EPIC has criticized overbroad passenger data transfers and argued that the EU-US agreement violates the EU data protection directive. EPIC has also been critical in the increased collection of biometric information being obtained from individuals as they enter the United States and as part of the TSA Pre-Check screening process.

4. EPIC v. ODNI: EPIC Opposes Intelligence Agency Refusal to Release Russia Report

EPIC has opposed the Director of National Intelligence's refusal to release a critical government report about Russian interference with the 2016 Presidential election.

In EPIC v. ODNI, EPIC seeks the public release of the agency's report on the Russian interference. EPIC filed suit after the ODNI published only a limited, declassified version of the ODNI report in January 2017. The government claimed in court filings that it was entitled to withhold the entire Russia report. EPIC explained to the federal district court that the ODNI's failure to provide EPIC partial information cannot satisfy the Agency's obligations under the Freedom of Information Act.

EPIC stated that release is "necessary for the public to evaluate the Intelligence Community response to the Russian interference, assess threats to democratic institutions, and ensure that agencies are taking appropriate measures to protect U.S. electoral institutions against future attack." Long after the attack on U.S. democratic institutions, "significant information asymmetry between the public and its government remains," EPIC said.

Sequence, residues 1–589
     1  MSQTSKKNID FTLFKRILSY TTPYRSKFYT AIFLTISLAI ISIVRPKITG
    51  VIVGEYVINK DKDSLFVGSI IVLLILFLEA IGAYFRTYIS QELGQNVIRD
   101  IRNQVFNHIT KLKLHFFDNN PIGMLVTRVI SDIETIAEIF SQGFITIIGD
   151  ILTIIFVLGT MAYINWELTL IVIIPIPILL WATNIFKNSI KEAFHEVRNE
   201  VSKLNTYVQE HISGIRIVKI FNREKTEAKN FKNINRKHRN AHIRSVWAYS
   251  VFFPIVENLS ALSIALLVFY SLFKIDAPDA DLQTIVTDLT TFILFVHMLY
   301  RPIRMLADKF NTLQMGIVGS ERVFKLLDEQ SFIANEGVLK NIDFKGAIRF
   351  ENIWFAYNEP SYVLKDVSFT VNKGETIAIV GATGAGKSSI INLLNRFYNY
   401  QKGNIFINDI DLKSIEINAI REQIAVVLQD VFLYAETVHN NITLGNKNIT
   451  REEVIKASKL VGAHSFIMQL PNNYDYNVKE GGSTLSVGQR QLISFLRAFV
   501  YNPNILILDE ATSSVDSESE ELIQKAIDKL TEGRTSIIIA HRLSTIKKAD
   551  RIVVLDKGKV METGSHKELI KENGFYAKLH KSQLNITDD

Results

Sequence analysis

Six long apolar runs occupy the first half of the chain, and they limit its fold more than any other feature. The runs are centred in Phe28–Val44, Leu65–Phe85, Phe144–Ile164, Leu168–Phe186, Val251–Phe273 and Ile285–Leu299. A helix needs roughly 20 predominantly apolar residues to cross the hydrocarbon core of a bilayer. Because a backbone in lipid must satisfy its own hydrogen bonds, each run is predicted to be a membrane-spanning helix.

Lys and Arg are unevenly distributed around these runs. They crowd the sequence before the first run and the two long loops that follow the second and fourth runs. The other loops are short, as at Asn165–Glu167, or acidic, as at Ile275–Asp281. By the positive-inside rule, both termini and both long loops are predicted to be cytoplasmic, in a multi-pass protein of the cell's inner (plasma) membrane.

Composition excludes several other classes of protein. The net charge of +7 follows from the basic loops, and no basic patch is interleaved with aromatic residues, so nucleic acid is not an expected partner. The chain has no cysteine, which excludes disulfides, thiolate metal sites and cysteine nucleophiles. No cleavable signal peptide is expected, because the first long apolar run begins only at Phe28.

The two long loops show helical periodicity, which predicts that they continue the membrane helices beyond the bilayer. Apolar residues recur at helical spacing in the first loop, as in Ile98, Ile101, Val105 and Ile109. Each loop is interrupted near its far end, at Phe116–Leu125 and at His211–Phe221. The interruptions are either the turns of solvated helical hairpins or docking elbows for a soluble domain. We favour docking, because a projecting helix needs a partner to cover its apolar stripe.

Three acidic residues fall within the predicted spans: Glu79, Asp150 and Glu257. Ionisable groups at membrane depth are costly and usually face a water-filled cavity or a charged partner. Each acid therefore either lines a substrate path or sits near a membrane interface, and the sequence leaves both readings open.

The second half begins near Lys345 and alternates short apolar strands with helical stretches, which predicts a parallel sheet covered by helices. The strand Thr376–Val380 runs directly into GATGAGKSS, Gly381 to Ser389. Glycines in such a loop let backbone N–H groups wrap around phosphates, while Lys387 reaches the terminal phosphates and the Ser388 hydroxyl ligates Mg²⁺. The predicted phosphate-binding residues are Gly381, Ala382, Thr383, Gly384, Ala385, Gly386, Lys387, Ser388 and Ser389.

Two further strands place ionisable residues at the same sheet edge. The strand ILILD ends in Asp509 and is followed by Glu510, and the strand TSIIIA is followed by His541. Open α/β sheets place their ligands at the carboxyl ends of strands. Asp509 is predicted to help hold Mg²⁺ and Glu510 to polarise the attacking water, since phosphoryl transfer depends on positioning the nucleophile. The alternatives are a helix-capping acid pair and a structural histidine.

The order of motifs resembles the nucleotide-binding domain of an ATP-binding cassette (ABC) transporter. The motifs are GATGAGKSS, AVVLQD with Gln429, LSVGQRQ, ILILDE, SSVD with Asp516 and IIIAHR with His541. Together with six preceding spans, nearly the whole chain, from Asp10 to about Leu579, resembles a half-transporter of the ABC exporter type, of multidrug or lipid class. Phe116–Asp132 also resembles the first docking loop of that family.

EPIC v. ODNI is one of three leading FOIA suits EPIC is pursuing under the Cybersecurity and Democracy Project, which focuses on US cyber policies, threats to election systems and foreign attempts to influence American policymaking. In EPIC v. IRS EPIC seeks release of President Trump's Tax records. And, in EPIC v. FBI, EPIC has already obtained the Bureau's procedures for notifying organizations that are the target of a cyber attack.

5. EPIC Files FTC Complaint to Stop Google from Tracking In-Store Purchases

EPIC has filed a complaint with the FTC asking the Commission to investigate Google's tracking of in-store purchases.

According to EPIC, Google collects billions of credit and debit card transactions and links that personal data to the activities of Internet users. The technique is only the latest in Google's attempts to reassure its advertisers that their money is well spent by linking ad views to purchases. In 2014, Google launched Store Visit Management, which allows AdWords advertisers to track how many customers click on search or display ads and subsequently visit a store. Google's latest technique, dubbed "Store Sales Measurement," uses credit and debit card transaction records to correlate in-store purchases with use of Google's services. Google said that it collects the payment transaction data from advertising clients, credit card companies, and "third-party partnerships" and capture about 70% of all credit and debit card transactions in the U.S.